Distruction Boyz: The masters of the earworm

2017-11-26 00:00
 

Johannesburg - The Distruction Boyz have just moved into their new place. Thobani “Que” Mgobhozi and Zipho “Goldmax” Mthembu sit outside their rented duplex in Manor Gardens, a tiny suburb hidden on Durban’s upper east side that you’ll miss if you drive fast enough.

Que, with his signature ear-high dreads, sits on top of a two-tiered wall, wearing shorts, slops, a white watch and a black vest that says Corrupted.

On the lower tier sits Goldmax, wearing black sneakers, jeans and a Vans T-shirt that makes him look more like a skaterboy from the early 2000s than a KwaMashu-born deejay who makes psychedelic township House.

“I’ve noticed that when you get a little bit popular, people start to see you as different and not like them. It’s weird because we just make music and have fun, that’s our job. But we still go through what a lot of people our age go through. We appreciate all the love, and now it’s just taking it day by day,” Goldmax says, with his silver teeth shining through, his eyes a little glazed.

Not far from where we’re chatting, a crate full of bottles lies abandoned. “Those aren’t ours. They’re from the previous tenants,” says Que when he notices me looking at them. It must have been one hectic night.

Where the Distruction Boyz live now is at the threshold, literally and figuratively. Manor Gardens marks the divide between a landless, houseless community of shack-dwellers and the middle class of Durban’s Glenwood suburb. This place is also a testament to how much can change in a year. Not too long ago, Que and Goldmax were making earworms on Fruity Loops recording software in their parents’ backrooms and distributing them to taxi drivers. The tracks could be heard playing incessantly on Durban’s South and North beach routes. Today, they have hit songs and fly off to remote venues to adjudicate the dance electric.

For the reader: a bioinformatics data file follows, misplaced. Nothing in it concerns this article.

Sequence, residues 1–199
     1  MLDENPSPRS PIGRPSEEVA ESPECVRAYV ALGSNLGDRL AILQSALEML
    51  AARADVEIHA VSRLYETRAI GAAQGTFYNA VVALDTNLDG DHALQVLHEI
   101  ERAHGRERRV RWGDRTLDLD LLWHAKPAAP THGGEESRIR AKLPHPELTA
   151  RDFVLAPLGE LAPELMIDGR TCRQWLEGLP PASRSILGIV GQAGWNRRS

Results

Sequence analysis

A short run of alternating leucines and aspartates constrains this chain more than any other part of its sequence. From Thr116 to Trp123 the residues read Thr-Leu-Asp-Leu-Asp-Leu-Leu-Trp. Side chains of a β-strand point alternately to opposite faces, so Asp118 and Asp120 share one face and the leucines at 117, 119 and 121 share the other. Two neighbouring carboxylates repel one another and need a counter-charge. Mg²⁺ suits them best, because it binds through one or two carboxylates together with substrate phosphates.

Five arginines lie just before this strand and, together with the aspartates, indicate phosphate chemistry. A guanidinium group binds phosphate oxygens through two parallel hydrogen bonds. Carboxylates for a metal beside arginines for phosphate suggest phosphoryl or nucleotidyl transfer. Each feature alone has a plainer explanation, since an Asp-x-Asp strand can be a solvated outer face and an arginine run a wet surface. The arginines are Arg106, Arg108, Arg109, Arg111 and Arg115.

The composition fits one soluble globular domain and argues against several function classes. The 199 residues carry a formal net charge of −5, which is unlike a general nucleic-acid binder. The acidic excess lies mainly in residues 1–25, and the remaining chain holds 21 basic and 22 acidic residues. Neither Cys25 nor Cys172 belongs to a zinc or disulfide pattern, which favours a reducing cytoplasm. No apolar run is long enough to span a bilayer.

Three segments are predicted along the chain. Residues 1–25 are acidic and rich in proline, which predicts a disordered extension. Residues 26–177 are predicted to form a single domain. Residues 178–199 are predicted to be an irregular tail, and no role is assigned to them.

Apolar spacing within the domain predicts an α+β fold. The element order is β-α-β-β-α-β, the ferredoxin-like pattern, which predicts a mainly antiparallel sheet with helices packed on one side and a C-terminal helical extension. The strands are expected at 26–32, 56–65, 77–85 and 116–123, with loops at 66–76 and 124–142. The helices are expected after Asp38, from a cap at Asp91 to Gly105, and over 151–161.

“Performing is the best part of the whole thing. Watching thousands of people recite your song line for line is just intoxicating – it validates the hard work of making songs and coming up with concepts,” says Que.

MUSIC AS AN ANCHOR

Back inside, they show me what the initial workings were of their eagerly anticipated debut album Gqom is the Future. They play a multilayered drum pattern they’ve been working on and loop it, and it soundtracks most of our conversation for the next hour. Occasionally, Que makes some tweaks and Goldmax whispers to him and points at the monitor.

Gqom, as more and more people know by now, is a style of dance music emanating from Durban’s townships, a kind of House-meets-kwaito hybrid.

The Distruction Boyz have a nonchalant, disengaged attitude towards their newly acquired fame that is a little disarming. Whenever I ask about anything aside from the music, they seem to lose interest. According to Que, their unrelenting level of focus on their music comes from a niggling fear of not wanting to be cautionary tales.